The Tartan Tie saga, first mentioned in the letter of December 3rd, where Margaret first asks her Mother to try to obtain one, mentioned in the letter of December 6th, referred to in the letter of 5th January, where the office of Scottish Womens Hospitals do have some available, which they presumably did send to John Robert Box to forward, is finally successfully resolved.
Could not explain in a letter.
Although the war had been over for some time now the letters the nurses wrote were still being opened and read by the censors, so it might not have been wise to write anything critical of the authorities.
Flora Sandes started as a medical orderly but when all the other members of her ambulance unit were killed in action she joined the Serbian Army as a soldier, being the only British woman to officailly serve as a solider in World War One.
Her book, An Englishwoman Sergeant in the Serbian Army can be found here. It only goes up to 1916, finishing before Margaret met her.
Relationship between the SWH and the local people
The relationship between the Scottish Women’s Hospitals staff and the local people seems to have become worse since the times of being invited to into peoples houses for Serbian New Year, and to concerts and dances.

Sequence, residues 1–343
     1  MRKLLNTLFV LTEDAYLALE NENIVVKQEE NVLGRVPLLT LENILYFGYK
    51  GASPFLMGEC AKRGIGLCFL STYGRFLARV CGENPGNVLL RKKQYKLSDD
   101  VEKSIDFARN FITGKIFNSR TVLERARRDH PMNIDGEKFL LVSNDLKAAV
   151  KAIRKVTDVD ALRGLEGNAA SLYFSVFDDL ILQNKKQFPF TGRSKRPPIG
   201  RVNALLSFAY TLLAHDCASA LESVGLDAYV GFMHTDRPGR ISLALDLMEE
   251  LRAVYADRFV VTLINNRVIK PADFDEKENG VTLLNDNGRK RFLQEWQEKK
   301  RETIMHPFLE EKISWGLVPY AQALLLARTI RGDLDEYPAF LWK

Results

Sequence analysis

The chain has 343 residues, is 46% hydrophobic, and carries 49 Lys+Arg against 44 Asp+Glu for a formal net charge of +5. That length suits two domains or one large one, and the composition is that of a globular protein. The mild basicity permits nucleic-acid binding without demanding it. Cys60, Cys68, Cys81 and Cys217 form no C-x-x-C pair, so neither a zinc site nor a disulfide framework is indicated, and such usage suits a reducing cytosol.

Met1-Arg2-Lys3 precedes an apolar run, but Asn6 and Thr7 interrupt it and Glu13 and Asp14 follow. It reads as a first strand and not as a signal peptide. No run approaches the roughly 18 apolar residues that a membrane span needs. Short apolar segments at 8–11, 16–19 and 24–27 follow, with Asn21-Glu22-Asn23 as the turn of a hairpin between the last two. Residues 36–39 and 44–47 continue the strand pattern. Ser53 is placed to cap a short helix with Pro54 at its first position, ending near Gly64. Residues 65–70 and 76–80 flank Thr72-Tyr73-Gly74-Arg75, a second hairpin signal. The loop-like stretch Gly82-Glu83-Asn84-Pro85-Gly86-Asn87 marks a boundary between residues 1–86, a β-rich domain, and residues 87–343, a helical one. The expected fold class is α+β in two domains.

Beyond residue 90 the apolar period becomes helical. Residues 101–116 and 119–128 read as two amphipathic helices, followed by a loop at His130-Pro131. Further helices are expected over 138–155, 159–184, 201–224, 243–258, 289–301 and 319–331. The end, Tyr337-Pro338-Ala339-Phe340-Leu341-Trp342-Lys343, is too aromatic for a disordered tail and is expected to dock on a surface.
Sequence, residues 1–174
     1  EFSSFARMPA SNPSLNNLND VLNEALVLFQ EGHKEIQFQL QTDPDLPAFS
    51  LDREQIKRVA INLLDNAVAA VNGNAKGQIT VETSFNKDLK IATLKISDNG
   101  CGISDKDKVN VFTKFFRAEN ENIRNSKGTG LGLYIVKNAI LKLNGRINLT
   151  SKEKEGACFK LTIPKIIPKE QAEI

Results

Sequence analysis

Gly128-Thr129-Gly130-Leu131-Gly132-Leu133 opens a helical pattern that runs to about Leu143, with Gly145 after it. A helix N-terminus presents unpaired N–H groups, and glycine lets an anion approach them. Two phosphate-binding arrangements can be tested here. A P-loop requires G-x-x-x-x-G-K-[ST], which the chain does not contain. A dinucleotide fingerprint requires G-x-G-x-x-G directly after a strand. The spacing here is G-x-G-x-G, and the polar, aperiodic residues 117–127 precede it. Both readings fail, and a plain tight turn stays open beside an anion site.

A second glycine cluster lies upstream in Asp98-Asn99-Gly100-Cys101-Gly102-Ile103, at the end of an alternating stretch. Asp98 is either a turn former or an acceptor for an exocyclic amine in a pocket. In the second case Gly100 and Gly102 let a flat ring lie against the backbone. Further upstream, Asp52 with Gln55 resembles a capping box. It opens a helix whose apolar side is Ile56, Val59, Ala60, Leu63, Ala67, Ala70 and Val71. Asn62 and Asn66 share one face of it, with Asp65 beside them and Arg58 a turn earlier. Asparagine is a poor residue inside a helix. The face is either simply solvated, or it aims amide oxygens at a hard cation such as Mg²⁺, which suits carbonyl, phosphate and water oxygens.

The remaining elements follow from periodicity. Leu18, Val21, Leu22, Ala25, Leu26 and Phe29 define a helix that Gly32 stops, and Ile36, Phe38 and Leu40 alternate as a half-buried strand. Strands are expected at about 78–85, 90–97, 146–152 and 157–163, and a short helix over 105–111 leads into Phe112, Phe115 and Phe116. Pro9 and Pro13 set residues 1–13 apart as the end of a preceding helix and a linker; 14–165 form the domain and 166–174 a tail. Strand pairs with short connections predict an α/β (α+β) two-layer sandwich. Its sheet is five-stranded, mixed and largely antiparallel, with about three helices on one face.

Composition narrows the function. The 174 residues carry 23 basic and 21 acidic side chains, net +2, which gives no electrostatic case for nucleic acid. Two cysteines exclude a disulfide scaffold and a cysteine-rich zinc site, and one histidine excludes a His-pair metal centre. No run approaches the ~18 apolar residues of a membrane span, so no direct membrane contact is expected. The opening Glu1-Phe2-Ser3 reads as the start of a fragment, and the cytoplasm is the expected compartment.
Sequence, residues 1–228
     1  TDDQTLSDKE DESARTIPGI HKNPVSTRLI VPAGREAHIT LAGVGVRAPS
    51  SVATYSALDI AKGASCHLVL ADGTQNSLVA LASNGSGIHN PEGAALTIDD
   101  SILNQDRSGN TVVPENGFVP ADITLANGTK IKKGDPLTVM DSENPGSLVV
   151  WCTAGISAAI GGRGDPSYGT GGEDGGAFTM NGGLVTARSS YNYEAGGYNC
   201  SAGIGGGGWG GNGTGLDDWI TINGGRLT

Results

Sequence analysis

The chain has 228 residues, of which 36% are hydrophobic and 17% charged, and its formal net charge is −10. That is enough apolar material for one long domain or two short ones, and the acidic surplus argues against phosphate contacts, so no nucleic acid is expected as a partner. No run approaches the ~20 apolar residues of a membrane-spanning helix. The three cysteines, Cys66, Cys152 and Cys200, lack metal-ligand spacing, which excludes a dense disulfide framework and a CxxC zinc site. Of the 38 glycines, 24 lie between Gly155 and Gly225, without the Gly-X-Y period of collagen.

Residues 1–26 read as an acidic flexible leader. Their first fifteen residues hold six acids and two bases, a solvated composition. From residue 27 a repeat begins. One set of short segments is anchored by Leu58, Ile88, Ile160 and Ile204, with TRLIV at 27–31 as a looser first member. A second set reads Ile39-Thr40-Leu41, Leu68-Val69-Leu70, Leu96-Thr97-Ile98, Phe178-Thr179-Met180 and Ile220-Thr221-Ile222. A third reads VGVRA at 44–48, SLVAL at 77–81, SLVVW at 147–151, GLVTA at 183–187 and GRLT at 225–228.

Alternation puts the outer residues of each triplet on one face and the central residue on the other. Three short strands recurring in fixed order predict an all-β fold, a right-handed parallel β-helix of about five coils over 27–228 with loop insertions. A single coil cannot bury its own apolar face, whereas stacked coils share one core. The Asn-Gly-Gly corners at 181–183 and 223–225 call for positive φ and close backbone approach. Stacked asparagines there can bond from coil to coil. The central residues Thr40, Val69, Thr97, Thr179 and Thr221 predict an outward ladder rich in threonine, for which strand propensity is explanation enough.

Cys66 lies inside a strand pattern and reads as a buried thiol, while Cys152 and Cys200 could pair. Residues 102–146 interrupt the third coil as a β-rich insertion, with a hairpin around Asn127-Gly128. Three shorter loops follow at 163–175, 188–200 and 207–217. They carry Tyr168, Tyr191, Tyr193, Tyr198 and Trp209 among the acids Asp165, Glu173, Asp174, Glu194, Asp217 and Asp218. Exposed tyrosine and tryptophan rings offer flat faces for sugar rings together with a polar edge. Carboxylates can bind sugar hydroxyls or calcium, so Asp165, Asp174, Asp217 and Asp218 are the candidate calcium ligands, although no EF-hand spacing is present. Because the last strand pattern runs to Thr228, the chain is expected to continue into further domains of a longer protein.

Part of this will have been that the thoughts of the British were turning towards home, and indeed quite a few have already left. The V.A.D.s who filled non-medical roles, such as Transport drivers and cooks, were unpaid, and came from middle and upper class backgrounds, so probably had the financial resources to arrange their own return to Britain when they wanted, while the professional nurses would have been more dependent on the SWH administration – themselves volunteers, to make their arrangements.
From the Serbian side, those who were not themselves in need of medical care would have been keen to put the crisis behind them and “return to normal”, in the same way that people people stopped applauding the NHS and started criticising waiting times once the Covid crisis had been supplanted by the next crisis, or like Kipling’s Tommy
O it’s Tommy this, an’ Tommy that, an’ ” Tommy, go away ” ;Tommy by Rudyard Kipling
But it’s ” Thank you, Mister Atkins,” when the band begins to play